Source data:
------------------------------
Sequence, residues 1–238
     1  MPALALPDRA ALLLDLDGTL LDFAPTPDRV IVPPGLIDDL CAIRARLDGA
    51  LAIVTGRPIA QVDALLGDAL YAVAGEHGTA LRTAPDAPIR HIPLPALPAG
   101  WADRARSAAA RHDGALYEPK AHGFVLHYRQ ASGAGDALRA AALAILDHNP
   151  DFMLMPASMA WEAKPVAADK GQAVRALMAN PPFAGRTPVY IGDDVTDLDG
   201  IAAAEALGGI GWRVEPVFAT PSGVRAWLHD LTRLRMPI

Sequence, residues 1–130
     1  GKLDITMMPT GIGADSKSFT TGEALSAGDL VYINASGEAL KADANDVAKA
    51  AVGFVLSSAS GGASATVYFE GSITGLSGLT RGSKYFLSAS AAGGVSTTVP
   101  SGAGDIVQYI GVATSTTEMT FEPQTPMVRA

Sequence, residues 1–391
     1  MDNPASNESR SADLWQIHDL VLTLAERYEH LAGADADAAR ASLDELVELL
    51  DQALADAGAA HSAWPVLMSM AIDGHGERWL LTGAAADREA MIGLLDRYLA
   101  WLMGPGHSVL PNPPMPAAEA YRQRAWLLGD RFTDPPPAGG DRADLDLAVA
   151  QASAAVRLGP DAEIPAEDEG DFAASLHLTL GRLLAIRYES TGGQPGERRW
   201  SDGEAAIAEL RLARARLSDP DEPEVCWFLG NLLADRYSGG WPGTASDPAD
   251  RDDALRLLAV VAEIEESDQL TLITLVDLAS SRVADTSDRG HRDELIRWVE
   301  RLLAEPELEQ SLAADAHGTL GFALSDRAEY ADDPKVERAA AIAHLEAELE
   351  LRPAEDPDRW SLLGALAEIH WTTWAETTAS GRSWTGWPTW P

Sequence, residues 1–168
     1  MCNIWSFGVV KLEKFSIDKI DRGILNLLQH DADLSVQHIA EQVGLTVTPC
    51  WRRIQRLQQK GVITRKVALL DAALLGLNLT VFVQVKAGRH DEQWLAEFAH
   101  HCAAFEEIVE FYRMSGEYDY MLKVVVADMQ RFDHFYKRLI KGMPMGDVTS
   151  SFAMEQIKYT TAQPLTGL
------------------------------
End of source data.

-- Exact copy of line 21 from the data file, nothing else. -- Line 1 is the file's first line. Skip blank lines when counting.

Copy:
     1  MCNIWSFGVV KLEKFSIDKI DRGILNLLQH DADLSVQHIA EQVGLTVTPC